It can be hard to track exactly what is going on with trade negotiations, and when the news reports are actually a big deal. Each round of negotiations generates headlines, but often leads to nothing except for another round of negotiations. But yesterday the 11 governments negotiating the Trans‐Pacific Partnership released a revised version of the text of the agreement, which is kind of a big deal, because you never know for sure how much progress governments are making until they show you the final document. Releasing the text indicates that this agreement is definitely going forward, with signing and ratification coming soon. And of most relevance for Americans, it is going forward without the United States, as President Trump withdrew from the agreement soon after he took office.
What’s in this deal? New Zealand has provided a good summary of what it thinks it is getting from the agreement in terms of lower tariffs and other items (and which U.S. businesses won’t be benefitting from). Here are just a few examples:
- Japan will reduce its 38.5% tariff on beef to 9% over 16 years.
- Japan’s tariffs on offal and processed meats will be eliminated over 11–13 years with a 50% reduction at entry into force.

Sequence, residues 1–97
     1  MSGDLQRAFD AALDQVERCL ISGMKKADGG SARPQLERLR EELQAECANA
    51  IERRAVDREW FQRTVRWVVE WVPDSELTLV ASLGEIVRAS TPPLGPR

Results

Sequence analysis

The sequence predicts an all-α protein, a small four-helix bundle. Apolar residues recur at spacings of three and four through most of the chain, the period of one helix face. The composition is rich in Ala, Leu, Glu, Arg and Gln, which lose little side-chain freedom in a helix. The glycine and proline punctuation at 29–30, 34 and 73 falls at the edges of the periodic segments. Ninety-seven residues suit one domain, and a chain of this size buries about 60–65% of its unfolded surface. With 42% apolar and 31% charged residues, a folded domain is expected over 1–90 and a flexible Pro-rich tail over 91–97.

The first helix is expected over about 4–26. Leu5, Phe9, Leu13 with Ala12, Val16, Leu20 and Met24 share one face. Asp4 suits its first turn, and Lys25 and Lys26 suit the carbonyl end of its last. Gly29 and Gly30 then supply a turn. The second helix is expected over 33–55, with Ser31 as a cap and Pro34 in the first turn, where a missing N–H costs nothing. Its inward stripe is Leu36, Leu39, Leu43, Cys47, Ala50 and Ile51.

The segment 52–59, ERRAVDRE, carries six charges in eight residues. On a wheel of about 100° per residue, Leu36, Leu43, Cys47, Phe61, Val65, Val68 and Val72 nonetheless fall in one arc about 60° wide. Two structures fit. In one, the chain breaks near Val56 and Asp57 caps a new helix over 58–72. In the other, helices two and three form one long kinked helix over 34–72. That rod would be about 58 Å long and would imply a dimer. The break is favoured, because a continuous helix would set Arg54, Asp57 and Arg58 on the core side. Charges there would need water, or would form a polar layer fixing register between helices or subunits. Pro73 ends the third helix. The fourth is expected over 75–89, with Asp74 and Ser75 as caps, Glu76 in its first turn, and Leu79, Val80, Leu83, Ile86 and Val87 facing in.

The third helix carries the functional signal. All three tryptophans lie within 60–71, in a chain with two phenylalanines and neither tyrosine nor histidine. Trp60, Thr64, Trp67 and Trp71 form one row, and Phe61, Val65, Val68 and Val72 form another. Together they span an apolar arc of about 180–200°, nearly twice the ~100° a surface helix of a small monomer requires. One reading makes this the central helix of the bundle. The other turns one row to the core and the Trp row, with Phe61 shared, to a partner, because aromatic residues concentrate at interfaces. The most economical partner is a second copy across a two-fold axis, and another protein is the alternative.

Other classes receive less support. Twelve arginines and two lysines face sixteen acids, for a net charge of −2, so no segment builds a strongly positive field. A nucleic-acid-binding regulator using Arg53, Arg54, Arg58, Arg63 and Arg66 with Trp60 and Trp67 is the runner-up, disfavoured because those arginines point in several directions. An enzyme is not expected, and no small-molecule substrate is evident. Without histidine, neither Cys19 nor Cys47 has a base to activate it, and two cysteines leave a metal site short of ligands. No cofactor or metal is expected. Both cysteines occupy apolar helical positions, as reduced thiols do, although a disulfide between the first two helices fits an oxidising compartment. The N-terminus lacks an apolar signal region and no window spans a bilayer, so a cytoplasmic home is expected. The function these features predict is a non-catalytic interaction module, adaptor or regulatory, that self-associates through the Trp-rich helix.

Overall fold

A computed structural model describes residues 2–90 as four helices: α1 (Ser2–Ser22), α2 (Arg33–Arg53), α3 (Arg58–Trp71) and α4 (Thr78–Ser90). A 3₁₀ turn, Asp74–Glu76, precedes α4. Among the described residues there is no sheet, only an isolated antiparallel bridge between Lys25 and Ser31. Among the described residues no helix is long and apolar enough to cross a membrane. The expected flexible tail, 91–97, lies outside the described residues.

- Tariffs on most cheese types will be eliminated in Japan over 16 years.
- Malaysia will eliminate liquid milk tariffs over 16 years.
- All tariffs on apples would be eliminated within 11 years.
That’s all very good news for the countries who are part of the agreement. But as the United States is no longer part of the agreement, there are no direct benefits to Americans. It’s also worth noting that the revisions to the TPP which occurred after the United States withdrew, and which provided the basis for the other countries to go ahead, were suspensions of provisions that the United States had wanted in there.
Of course, the United States could negotiate its own trade agreements with these same countries. But that hasn’t happened. Back in November, I asked: “We are now nine months into the Trump administration, and it’s reasonable to ask: where are all the new trade deals that were promised?” Now we are more than a year into the Trump administration, and the falling behind on trade just keeps falling further.